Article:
There used to be something in the Catholic calendar called “Ember Days” — three days of fasting, abstinence, and prayer in each of the four seasons of the year. There were also “Rogation Days” in the spring. Those days regularly and systematically inserted an awareness of sin and penance into Catholics’ lives. The 1969 Roman Calendar Reform delegated their observance to individual episcopal conferences which, in the United States, delegated them to individual bishops which, in practice, means they are another dead letter. (I would welcome comments from any readers who live in a diocese where those days are actually observed in any manner.)

Christians live in a stage of salvation history between the “already” Paschal victory of Christ and its “not yet” consummation in the Last Judgment. Paul could proclaim in faith, “O death, where is your victory, where is your sting,” yet one bets that the Roman executioner’s sword did have a bit of an edge to it. Without denying our Christian hope, American Catholicism seems almost Polyannish in the way it embraced the Mass of Christian Burial celebrated in white vestments with a kind of full-throated joyfulness that seems almost childishly oblivious to the sense of loss and bereavement that also marks those occasions. Coupled with a kind of naïve semi-universalism — Hell is a topic verboten, Purgatory rarely mentioned — the larger American cultural idea that “funerals are for the living, not the dead” eviscerates the Catholic idea of the need for prayer for the faithful departed while giving excuses for funerals to accommodate rather than interrupt survivors’ schedules. Do people no longer die in sins? Do survivors no longer need to reckon with their mortality? Is any of this grist for the funeral liturgy?

The USCCB allows a Votive Mass “for giving thanks to God for the Gift of Human Life” (again, celebrated in white vestments) for celebration on Jan. 22, the anniversary of Roe v. Wade. Should we give thanks for life? Yes. But the question is not whether we should but whether — in view of the legal and cultural ethos Roe has put in place — we do? The honest answer to that — socially, nationally, culturally — is “no.” Is this not a context demanding penance for what we have done to God’s gift of life — especially as Roe approaches the half-century mark and is likely to be the object of festal celebration by its votaries?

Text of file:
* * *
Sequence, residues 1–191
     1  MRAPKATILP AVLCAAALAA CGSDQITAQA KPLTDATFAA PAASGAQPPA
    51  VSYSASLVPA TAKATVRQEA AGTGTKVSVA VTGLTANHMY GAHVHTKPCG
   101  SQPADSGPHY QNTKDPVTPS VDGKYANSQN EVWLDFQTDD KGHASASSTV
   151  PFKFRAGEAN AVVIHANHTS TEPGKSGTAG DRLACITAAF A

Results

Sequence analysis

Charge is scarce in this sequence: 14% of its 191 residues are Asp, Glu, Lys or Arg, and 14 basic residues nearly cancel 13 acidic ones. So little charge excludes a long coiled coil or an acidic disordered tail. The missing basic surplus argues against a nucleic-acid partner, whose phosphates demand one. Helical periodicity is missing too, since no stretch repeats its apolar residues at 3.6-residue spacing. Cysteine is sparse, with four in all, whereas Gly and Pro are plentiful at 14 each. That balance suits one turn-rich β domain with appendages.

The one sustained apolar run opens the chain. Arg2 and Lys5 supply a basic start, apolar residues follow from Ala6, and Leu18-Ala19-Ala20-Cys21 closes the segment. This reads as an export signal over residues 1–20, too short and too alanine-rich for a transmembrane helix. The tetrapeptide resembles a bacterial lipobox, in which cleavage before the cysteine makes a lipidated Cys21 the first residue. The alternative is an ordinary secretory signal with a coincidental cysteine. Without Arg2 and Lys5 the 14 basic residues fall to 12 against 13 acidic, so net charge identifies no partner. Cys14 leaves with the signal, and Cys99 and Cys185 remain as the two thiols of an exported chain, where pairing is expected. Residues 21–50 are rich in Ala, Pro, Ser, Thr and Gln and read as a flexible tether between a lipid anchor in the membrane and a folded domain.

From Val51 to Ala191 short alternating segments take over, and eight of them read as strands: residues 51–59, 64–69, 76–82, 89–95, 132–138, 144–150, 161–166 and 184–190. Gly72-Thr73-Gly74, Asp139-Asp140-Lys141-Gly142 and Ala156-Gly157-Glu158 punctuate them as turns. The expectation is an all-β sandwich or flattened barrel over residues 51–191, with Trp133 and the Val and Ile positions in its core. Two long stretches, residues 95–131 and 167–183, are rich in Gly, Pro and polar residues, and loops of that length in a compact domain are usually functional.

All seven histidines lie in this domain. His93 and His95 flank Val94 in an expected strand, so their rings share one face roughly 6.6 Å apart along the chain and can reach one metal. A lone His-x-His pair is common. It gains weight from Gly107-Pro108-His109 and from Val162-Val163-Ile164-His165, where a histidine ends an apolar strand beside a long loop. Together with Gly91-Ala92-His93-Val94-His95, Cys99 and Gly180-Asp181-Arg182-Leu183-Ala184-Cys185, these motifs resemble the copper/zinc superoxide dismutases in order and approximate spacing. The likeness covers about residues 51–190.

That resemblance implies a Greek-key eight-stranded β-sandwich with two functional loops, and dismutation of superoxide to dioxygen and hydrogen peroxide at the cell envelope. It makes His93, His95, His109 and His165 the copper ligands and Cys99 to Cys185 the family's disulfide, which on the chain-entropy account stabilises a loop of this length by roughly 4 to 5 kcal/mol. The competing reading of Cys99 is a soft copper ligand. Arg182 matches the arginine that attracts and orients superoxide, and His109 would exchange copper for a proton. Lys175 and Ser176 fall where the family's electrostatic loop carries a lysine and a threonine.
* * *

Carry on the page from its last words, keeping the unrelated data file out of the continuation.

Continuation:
Lastly, for the past 10 months, a good part of the world has been on pandemic lockdown. Historically, Catholic theology and its liturgical expression has also seen in such disasters punishment for sin and opportunities to reckon with God’s Justice. But, in March, the Holy See promulgated a Votive Mass “in Time of Pandemic” that — in direct departure from liturgical history — excises any penitential note from the liturgy. The sole emphasis is on God’s protective care which, amidst this constantly upbeat note, almost evokes the question: “If God’s Providential care is so solicitous, why is there a pandemic in the first place?” The new Votive Mass might almost seem to paint a bizarre picture of God “co-suffering” with us while the big, bad pandemic rages out there, almost autonomously. 

Almost 60 years of dubious and strained optimism has contributed to liturgical praxis that appears silent about and puzzled by the persisting reality of sin in general and my sinfulness in particular. I would argue that this theological naivete has also contributed to the contemporary loss of a sense of sin. The question is: do we persist on this road?

No doubt much of the liturgical establishment will adduce good reasons for why this practice or that policy made sense, and the usual default position of any institution — the Church included — is inertia. Without getting into all those individual justifications, however, I simply ask the impartial observer to consider one question. Has the cumulative effect of this trajectory objectively advanced weal or woe in the concrete spiritual lives of the faithful?

The Catholic Bishops of the United States recently issued a document probing the theological underpinnings (and vacuities) of contemporary hymnody, resulting in explicit recommendations about dropping certain ditties masquerading as sacred song from the repertoire. In the spirit of that document, I want to remind their excellencies that we need to jettison the ecclesiastical influence of Bobby McFerrin, because “Don’t Worry, Be Happy!” is neither a hymn nor a liturgical guideline.

Rohingya Muslim refugees gather during the Eid al-Fitr holiday inside their temporary settlement on May 14, 2021 in New Delhi, India. A lockdown is in effect as COVID-19 cases have surged in India, causing a shortage of oxygen supplies across the country.